advice

Beware of spare change investments

Est. 4 min read

You may have heard of the Acorns investing app. It’s been lauded by investors and journalists alike for finally getting millennials interested in investing. Millennials–notoriously skittish when it comes to the market–make up the majority of Acorns’ user base of 650,000 members. Acorns recently raised $23 million in its third round of funding, just eight months after the app launched.

The Acorns app works by encouraging you to invest your spare change. Using a system they call “round-ups,” Acorns monitors your bank account and automatically invests the change from your daily purchases. For example, if you buy a coffee for $2.75, Acorns will automatically take $.25 and invest it.

This is Acorns’ key selling point, along with simplicity. Acorns automatically invests your money in “smart portfolios,” built with the help of Harry Markowitz, father of the Modern Portfolio Theory. Acorns lets users choose between five different portfolios on a scale of conservative to aggressive.

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Unlike competitors Betterment and Wealthfront, who offer similar robo-advising services, Acorns was built to be mobile-first. At the moment, it’s only available as an iOS or Android app, though Acorns says a web version is on the way. Part of being an app means making the investing process as simple as possible. While Betterment and Wealthfront give you a wide variety of options to customize your portfolio, Acorns forces you to choose between their five default portfolios.

Acorns CEO Jeff Cruttenden told CNN Money that people like the idea of investing spare change. The typical idea of investing, he said, is that you need a lot of money to do it.

But is Acorns safe? There’s a danger to investing too little. Acorns fees are $1 per month for all accounts with a balance under $5,000 and .25% of the balance per year on accounts over $5,000. Compared to traditional management, mutual funds, and DIY ETFs, this fee is incredibly low. Other portfolio advisory services, like Amerivest, charge as much as 1.25% and require a minimum investment of $25,000.

While Acorns’ fees seem low on the surface, Acorns’ traditional competitors aren’t encouraging would-be investors to build a portfolio around their spare change. When you’re dealing with just a few dollars every month, that $1 fee starts to make less sense.

If you have 50 transactions every month with an average of $.25 rounded-up per transaction, you’re only investing $12.50 every month. At that point, Acorns’ monthly fee is taking away 8% of your monthly contributions to your investment portfolio.

The more transactions you have (the more you’re spending, perhaps multiple small purchases like coffee or fast food) and this percentage will go down. At 100 transactions per month with an average of $.25 per transaction, you’re investing $25 per month and giving 4% to Acorns. At 150 transactions, you’re investing $37.50 and giving almost 2.7% to Acorns.*

Cost of Acorns Fee (final)

While you can set up recurring deposits of larger amounts in Acorns, this isn’t a feature they heavily advertise. Acorns pushes the idea of “spare change” investing in their press releases and on their website, encouraging users to invest small amounts of money.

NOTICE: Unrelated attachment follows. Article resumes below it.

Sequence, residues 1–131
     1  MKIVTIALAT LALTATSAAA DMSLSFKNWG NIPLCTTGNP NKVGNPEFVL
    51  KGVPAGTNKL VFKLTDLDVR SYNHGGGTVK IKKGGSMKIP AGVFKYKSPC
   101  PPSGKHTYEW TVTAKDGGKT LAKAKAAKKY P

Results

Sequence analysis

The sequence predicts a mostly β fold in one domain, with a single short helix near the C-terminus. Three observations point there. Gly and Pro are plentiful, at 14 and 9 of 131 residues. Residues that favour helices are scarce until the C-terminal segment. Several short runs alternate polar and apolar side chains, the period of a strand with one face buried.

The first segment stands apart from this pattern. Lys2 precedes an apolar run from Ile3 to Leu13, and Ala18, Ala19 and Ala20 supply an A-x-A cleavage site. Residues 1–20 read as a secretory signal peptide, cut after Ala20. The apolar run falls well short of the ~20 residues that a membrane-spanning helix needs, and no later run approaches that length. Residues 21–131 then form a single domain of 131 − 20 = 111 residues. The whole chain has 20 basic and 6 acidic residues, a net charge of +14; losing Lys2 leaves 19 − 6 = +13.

Acorns vs Betterment vs Wealthfront

The misleading fee problem isn’t constrained to Acorns. If you can’t contribute at least $100 per month to your Betterment portfolio, they’ll charge you $3 per month (on accounts with a balance of less than $10,000).

However, if you can afford to put aside $100 per month, Betterment only charges .35%/year on accounts with less than $10,000, amounting to a fee of mere cents per month while you are building up your portfolio.

And what about Wealthfront, another robo-advisor? They require a minimum balance of $5000**, putting it out of reach for many budding investors. They do, however, manage the first $10,000 of every account for free.

**Update, February 2016: Wealthfront has reduced their minimum balance to $500.

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Acorns is positioned as the best choice for millennials looking to dip their toes into the waters of investing, but this doesn’t mean it’s the best choice for you. If you can’t afford to put at least $100 per month into an investment account, consider putting that money into a savings account instead. A high yield savings account is usually free and will allow you to grow small amounts of money over time. Once you’ve reached a self-imposed threshold–either reaching Weathfront’s $5000 minimum or a point in your life where you can afford to put aside $100 per month–you can revisit the idea of putting that money in an investment portfolio instead.

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*Note that none of this takes into account the money you already have in your account, slowly (or quickly) growing (or shrinking) because of market changes. If your portfolio grows a few bucks and Acorns reinvests it, that effectively adds to your monthly contribution. However, until your portfolio grows to be thousands of dollars, your portfolio growth is unlikely to make a noticeable difference to your bottom line month over month.

Photo: JD Hancock

Disclosure: We may use affiliate codes when linking to third parties. These codes earn us a small commission, but their presence does not influence which services or apps we choose to recommend, or our reviews of them.

Published on May 11, 2015

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Adam Cecil writes for PolicyGenius, a digital insurance brokerage trying to make sense of insurance for consumers. You can read more of his writing on his site.
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